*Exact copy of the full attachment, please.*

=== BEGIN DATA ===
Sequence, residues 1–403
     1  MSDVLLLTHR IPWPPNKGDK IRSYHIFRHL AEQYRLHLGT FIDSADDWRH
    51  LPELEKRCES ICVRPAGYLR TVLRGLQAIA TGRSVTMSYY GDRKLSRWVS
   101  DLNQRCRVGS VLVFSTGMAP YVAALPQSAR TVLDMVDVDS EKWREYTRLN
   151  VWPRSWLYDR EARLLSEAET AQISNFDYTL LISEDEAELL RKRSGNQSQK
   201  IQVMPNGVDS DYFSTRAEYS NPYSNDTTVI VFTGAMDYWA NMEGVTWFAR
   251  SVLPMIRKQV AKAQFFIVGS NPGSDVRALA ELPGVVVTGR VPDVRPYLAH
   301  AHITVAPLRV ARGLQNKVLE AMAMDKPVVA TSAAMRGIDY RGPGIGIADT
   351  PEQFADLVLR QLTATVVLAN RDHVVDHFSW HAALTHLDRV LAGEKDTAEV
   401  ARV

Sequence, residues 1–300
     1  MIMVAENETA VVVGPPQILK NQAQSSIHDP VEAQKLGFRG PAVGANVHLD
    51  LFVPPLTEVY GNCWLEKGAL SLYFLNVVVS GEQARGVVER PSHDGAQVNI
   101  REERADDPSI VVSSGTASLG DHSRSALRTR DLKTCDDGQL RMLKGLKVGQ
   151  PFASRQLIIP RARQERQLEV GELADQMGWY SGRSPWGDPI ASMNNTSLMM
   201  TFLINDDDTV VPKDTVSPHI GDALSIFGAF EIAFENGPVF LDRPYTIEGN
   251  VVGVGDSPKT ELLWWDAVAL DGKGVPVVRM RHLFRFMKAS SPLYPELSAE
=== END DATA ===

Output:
Sequence, residues 1–403
     1  MSDVLLLTHR IPWPPNKGDK IRSYHIFRHL AEQYRLHLGT FIDSADDWRH
    51  LPELEKRCES ICVRPAGYLR TVLRGLQAIA TGRSVTMSYY GDRKLSRWVS
   101  DLNQRCRVGS VLVFSTGMAP YVAALPQSAR TVLDMVDVDS EKWREYTRLN
   151  VWPRSWLYDR EARLLSEAET AQISNFDYTL LISEDEAELL RKRSGNQSQK
   201  IQVMPNGVDS DYFSTRAEYS NPYSNDTTVI VFTGAMDYWA NMEGVTWFAR
   251  SVLPMIRKQV AKAQFFIVGS NPGSDVRALA ELPGVVVTGR VPDVRPYLAH
   301  AHITVAPLRV ARGLQNKVLE AMAMDKPVVA TSAAMRGIDY RGPGIGIADT
   351  PEQFADLVLR QLTATVVLAN RDHVVDHFSW HAALTHLDRV LAGEKDTAEV
   401  ARV

Sequence, residues 1–300
     1  MIMVAENETA VVVGPPQILK NQAQSSIHDP VEAQKLGFRG PAVGANVHLD
    51  LFVPPLTEVY GNCWLEKGAL SLYFLNVVVS GEQARGVVER PSHDGAQVNI
   101  REERADDPSI VVSSGTASLG DHSRSALRTR DLKTCDDGQL RMLKGLKVGQ
   151  PFASRQLIIP RARQERQLEV GELADQMGWY SGRSPWGDPI ASMNNTSLMM
   201  TFLINDDDTV VPKDTVSPHI GDALSIFGAF EIAFENGPVF LDRPYTIEGN
   251  VVGVGDSPKT ELLWWDAVAL DGKGVPVVRM RHLFRFMKAS SPLYPELSAE